Perhaps the single biggest change to the continuing alcohol-fueled dynamic …

Comment on Port Augusta’s Mayor: When softly-softly diplomacy isn’t enough to get a town out of the morass by Hal Duell.

Perhaps the single biggest change to the continuing alcohol-fueled dynamic swirling around Alice Springs was mentioned in today’s news.
Apparently one of the new initiatives in the Federal Stronger Futures legislation is support for 20 remote communities in the NT to develop alcohol management plans.
If so, the potentially positive impact on the urban centres strung along the Stuart Highway will be huge. I don’t know what impact this will have on the 20 remote communities, but if handled well, there is no reason it can’t be equally positive.
We live with alcohol, so let’s do that.
I would still like to see a closing of the bottle shops on one day a week simply for the civic relief it would bring. I also wonder if restoring the sale of cask wine might not reduce the broken glass on our roads. Some mornings it can look like a ski field out there.

Hal Duell Also Commented

Port Augusta’s Mayor: When softly-softly diplomacy isn’t enough to get a town out of the morass
That the voters in Alice Springs have had enough of a softly softly status quo should be evident to anyone following the recent election returns. Three of the top four primary vote winners come from Action for Alice. The Greens have the fourth spot, and theirs is a captive market.
So where to from here? I suggest it comes down to a chain of command with the Alice Springs Town Council (ASTC) having the chair. ASTC does not go cap in hand to Lhere Artepe, Lhere Artepe comes to ASTC. The same goes with Tangentyere Council, Aboriginal Areas Protection Authority, Central Land Council and all the other semi-autonomous bodies that we have legislated into existence over the past three decades.
They have morphed into monsters with their own agendas, and too often they consider themselves superior to our three tiers of democratically elected governments. Just as in Port Augusta, someone needs to restore some order and common sense, and local government is clearly the right place to make a start.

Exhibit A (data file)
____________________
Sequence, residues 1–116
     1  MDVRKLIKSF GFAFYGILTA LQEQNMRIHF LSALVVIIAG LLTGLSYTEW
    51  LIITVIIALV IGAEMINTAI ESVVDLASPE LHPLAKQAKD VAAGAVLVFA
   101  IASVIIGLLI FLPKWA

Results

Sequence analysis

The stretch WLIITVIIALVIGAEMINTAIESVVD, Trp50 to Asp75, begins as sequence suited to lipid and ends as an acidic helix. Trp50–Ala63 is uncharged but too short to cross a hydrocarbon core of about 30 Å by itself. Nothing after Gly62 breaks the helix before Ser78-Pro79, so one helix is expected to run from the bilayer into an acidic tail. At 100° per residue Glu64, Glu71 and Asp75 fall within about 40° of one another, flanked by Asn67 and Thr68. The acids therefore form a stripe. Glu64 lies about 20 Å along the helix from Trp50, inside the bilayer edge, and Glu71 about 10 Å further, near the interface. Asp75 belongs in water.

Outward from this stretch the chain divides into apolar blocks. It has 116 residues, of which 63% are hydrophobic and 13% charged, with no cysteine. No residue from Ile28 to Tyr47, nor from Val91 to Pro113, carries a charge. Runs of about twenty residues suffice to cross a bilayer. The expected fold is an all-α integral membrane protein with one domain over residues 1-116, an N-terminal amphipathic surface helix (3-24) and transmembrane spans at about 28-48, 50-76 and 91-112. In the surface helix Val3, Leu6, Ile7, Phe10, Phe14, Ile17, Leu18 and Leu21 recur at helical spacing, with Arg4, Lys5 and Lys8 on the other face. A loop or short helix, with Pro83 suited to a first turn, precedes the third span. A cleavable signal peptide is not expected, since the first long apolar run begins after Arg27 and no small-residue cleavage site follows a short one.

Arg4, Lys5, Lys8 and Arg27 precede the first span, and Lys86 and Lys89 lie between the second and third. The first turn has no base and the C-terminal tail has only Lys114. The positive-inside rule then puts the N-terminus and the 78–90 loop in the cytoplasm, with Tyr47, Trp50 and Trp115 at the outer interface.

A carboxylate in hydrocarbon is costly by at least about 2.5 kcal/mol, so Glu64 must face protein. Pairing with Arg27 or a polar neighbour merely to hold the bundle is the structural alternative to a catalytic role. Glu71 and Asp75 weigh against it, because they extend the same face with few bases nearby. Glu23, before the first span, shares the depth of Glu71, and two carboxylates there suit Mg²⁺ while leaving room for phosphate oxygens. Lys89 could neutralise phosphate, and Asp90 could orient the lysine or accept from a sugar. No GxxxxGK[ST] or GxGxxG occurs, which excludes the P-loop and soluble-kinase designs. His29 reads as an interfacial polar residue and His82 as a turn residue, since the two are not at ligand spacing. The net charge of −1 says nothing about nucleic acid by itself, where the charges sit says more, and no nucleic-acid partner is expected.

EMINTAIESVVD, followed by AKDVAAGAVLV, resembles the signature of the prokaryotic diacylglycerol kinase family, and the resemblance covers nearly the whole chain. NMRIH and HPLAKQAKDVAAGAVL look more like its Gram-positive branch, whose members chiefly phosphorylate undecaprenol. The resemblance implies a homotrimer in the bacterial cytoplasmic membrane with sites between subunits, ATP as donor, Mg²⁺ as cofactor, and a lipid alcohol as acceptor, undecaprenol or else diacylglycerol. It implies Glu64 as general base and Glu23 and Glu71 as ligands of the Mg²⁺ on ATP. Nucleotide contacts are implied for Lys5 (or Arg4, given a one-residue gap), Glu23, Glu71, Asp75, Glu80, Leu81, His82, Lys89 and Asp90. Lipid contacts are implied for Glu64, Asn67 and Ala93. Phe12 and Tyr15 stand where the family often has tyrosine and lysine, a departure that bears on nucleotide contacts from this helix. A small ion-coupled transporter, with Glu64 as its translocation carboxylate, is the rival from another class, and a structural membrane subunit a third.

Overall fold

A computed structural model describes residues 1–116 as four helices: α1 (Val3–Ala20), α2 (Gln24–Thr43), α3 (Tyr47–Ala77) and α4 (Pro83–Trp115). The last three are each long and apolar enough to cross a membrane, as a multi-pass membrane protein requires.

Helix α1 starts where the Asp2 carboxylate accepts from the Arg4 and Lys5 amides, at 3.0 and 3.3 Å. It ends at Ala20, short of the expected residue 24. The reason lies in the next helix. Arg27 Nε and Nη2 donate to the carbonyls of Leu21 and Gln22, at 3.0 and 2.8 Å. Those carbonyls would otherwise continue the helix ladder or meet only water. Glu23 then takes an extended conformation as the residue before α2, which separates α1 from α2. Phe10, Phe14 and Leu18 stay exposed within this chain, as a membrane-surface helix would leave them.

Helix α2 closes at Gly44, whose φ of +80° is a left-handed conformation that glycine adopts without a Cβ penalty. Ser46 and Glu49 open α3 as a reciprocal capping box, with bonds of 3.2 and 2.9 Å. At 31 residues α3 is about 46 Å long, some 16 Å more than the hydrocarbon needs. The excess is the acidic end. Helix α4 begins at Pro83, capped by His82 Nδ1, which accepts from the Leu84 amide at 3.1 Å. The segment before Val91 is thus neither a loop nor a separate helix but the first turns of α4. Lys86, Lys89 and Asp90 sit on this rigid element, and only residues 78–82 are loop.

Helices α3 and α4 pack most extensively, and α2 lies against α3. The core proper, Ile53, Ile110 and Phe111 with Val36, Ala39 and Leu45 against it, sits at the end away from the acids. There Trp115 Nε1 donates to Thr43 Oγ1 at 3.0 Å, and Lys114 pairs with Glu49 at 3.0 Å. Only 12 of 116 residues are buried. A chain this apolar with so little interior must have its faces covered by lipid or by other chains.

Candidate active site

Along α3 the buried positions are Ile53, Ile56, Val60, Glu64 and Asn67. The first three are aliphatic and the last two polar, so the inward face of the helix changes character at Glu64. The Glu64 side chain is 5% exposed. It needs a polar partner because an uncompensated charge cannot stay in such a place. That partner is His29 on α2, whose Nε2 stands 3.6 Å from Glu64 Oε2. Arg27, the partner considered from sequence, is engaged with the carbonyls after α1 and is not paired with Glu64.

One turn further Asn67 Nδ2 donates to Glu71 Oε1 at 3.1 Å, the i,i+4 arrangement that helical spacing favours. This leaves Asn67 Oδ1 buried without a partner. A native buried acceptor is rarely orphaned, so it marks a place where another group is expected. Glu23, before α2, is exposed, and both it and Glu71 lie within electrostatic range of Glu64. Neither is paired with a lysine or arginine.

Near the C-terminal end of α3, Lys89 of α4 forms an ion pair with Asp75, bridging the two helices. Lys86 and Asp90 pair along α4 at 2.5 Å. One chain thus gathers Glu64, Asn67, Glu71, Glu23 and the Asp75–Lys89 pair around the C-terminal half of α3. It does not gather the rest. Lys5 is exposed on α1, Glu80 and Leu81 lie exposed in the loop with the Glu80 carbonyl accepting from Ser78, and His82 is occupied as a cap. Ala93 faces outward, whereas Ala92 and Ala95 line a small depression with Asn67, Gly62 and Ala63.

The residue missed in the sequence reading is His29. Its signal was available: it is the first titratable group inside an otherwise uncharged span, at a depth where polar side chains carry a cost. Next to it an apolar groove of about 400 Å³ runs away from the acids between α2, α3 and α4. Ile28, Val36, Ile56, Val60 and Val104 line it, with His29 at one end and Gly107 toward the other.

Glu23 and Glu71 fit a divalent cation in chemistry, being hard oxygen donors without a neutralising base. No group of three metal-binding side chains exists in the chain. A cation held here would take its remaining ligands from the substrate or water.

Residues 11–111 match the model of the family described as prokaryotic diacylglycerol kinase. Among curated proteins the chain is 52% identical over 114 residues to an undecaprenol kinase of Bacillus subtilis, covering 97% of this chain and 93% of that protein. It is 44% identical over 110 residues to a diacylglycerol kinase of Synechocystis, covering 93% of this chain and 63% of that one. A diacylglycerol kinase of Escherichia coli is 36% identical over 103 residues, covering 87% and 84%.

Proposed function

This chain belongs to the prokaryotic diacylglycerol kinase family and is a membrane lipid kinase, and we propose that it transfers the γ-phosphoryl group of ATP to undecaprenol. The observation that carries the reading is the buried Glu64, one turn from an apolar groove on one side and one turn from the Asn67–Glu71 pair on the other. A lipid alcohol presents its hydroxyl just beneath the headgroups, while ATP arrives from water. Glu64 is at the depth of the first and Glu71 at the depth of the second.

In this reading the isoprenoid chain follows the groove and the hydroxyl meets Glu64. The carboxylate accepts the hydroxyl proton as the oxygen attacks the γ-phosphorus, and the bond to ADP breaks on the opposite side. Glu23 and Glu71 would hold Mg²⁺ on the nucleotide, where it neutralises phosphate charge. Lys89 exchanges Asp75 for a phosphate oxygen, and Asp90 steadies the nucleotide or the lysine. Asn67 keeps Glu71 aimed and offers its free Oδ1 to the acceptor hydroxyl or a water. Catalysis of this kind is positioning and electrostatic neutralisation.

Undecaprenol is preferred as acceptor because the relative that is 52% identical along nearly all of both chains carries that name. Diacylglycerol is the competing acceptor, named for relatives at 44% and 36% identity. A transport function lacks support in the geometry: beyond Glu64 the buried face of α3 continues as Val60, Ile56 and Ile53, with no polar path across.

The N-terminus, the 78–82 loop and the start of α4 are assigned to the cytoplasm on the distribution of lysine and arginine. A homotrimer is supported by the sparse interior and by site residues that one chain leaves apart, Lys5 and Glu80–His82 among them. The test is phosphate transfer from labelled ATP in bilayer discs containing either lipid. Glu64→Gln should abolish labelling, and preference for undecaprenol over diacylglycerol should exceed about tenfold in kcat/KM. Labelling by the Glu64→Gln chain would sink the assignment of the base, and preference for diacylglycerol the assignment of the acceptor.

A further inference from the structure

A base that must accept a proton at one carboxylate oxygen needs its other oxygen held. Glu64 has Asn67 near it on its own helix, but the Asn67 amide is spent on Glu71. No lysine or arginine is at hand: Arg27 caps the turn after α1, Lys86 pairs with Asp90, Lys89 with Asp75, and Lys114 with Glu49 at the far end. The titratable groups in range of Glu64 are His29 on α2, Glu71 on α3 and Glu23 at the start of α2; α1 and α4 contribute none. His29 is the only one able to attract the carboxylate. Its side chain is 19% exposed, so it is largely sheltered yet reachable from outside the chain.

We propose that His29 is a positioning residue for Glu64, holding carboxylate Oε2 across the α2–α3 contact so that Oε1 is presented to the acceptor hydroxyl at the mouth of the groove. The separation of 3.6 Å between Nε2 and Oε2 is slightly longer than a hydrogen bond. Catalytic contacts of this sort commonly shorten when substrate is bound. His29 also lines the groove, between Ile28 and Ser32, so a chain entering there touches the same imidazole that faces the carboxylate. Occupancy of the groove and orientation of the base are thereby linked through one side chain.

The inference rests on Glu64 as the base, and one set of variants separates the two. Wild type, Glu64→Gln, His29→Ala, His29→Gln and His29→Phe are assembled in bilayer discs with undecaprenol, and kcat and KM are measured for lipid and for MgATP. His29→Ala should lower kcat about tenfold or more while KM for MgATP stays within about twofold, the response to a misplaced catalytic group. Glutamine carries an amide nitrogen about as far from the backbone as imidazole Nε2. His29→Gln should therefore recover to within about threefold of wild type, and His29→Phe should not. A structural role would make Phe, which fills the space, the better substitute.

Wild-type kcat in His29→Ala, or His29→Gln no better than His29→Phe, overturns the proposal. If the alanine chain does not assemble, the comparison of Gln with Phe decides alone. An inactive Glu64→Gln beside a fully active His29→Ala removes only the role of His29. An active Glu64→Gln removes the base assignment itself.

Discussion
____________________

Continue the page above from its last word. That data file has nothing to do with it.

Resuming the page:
So no more nonsense, no more cultural cringe, no more politically correct emasculation. And here is an idea to start things off. Instead of beginning Council meetings with an acknowledgment of the Traditional Owners of Alice Springs, why not begin with an acknowledgment of the actual owners of the building in which we meet and the land on which it stands – all the residents of Alice Springs and their democratically elected representatives, the Alice Springs Town Council.


Recent Comments by Hal Duell

Police want parents to stop youth crime
One reason, perhaps the biggest reason, why government authorities are scared shitless to do anything about the kids running wild in Alice is they fear being tarred with the “stolen generations” brush.
Why the Indigenous authorities do nothing is anyone’s guess. Mine is that they are scared of them, or scared of the payback that any action on their part would generate.


Council poll says ‘no’ to gallery at Anzac Oval
Multiple devices? Multiple addresses? Sounds like Putin did it.


SA budget allocation may put paid to Alice gallery: Higgins
The way to reinvigorate the CBD is not through investing in an art gallery or a cultural centre, but by investing in people.
Build attractive modern flats and populate the area. I understand there are no zoning impediments to doing that.
A skate park at the river end of Parson’s Street would breathe life into many who just hang around, and they hang around because it still is our CBD. We’ve just made a mess of it is all.


Gallery: What we need to know before we spend a cent
@ Maya: Posted August 31, 2018 at 11:41 am.
With a nod to Russell Guy, and now the Melanka site comes into play. That is, if we’re talking about an art gallery, and not a Cultural Centre.
This could be what we’ve been looking for.


Anonymous donation doesn’t fix conflict of interest for council
It is a very good thing Cr Banks has done. Good for her own image as a Councillor of transpanency, and good for ASTC.
I’m thinking of those councils in trouble over in Queensland, and I wonder how much of that trouble might have been avoided if every council employee, whether elected or hired, had known from their first day that there were NO free lunches.
I think, and I like to think, that our Council is without reproach. Let’s keep it that way.


Be Sociable, Share!